“In 2020, we saw a rise in cases involving authorities threatening or detaining Christians, outlawing house churches, as well as increases in demolishing church buildings and crosses,” Fu said. “2020 is the worst year in persecution since the end of the Cultural Revolution.”

In the same year, it was reported that a state-owned university in China distorted a biblical story from John 8 about how Jesus forgave a woman who had committed adultery. The altered version, published by the University of Electronic Science and Technology Press, states that Jesus stoned the woman, saying “I too am a sinner. But if the law could only be executed by men without blemish, the law would be dead,” reported Bitter Winter.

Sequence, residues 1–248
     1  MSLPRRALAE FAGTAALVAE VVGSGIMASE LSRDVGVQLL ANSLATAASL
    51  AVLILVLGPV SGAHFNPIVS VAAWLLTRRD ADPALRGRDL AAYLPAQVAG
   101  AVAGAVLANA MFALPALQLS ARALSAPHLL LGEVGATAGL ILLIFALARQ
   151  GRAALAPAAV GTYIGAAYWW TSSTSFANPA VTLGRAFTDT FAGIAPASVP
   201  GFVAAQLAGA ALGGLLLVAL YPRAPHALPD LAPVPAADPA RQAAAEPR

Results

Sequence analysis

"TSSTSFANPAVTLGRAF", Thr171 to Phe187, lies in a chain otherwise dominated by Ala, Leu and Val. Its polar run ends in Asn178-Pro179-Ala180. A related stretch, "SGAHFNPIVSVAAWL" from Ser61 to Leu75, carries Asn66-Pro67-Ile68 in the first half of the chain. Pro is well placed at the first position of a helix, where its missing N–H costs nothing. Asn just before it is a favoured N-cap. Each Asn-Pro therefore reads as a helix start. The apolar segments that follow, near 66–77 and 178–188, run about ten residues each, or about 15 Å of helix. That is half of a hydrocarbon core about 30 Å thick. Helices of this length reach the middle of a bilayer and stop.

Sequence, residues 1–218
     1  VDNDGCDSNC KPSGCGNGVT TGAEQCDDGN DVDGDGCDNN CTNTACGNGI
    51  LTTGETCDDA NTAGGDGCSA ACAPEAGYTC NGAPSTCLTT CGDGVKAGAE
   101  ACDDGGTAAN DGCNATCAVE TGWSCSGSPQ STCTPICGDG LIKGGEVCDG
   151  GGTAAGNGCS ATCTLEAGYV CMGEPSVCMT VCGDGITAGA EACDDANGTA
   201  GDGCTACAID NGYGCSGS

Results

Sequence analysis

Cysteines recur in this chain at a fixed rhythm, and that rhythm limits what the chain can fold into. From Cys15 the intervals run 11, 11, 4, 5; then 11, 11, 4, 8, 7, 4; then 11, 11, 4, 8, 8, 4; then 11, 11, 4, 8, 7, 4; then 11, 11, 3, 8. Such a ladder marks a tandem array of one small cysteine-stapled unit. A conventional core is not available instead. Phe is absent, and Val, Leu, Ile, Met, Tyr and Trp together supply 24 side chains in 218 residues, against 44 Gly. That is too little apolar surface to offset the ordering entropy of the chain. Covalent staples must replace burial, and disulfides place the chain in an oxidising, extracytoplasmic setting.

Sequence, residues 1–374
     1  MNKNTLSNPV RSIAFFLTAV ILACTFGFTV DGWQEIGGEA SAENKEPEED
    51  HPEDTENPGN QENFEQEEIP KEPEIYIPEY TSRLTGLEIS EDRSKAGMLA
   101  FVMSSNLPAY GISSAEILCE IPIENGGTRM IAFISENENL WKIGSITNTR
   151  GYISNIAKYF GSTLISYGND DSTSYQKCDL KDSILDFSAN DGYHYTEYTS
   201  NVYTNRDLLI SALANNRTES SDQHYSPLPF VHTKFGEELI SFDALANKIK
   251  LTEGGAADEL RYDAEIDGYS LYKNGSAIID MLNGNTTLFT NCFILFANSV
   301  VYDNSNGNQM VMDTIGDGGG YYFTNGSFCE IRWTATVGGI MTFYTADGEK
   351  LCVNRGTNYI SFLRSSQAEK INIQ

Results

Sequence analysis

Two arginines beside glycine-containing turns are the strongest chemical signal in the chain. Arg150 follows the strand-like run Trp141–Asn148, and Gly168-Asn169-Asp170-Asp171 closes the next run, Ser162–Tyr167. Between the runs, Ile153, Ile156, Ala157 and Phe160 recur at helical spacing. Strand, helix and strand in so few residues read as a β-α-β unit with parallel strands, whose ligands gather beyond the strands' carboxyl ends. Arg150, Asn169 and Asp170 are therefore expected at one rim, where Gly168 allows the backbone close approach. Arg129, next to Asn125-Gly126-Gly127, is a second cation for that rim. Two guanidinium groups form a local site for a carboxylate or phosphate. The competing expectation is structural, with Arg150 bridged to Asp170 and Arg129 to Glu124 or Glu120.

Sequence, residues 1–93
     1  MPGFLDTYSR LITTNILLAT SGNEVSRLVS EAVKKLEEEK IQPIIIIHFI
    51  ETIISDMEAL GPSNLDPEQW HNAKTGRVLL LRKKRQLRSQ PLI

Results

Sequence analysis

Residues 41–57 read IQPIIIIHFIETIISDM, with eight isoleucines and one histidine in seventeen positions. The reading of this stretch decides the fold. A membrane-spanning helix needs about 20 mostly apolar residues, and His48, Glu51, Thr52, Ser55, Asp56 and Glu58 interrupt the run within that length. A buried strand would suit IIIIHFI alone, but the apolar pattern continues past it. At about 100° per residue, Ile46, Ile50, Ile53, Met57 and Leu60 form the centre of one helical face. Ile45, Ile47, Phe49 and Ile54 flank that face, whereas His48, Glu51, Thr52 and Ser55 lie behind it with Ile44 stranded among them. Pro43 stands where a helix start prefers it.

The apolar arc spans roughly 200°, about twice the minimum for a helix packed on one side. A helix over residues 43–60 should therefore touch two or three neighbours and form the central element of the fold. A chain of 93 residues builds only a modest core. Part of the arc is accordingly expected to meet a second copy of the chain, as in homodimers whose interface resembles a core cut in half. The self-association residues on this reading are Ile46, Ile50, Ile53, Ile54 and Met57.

According to UCA News, Catholics in China are “upset” over the incident. An anonymous priest said in the report that such distortion of the original text “is against morality and the law.” Another Catholic in China said that events distorting Christian faith and history have been “repeated every year,” but the Church has never received the “respect and apology it deserves.”

Fu doesn’t find it surprising, either. “It is sadly unsurprising to me that the CCP would go through such lengths to alter the Gospel,” he told The Epoch Times, adding that the true teachings call for “sacrificial change” and for one’s life to be centered on the Divine, “not the CCP.”

Some of the other instances of Christianity being sinicized include the following: the replacement of a painting of Mother Mary and the Christ child with a portrait of the Chinese leader Xi Jinping, religious believers being forced to attend compulsory training to memorize Xi’s quotes, and the portraying of Jesus and Mary in ancient Chinese attire, reported Bitter Winter.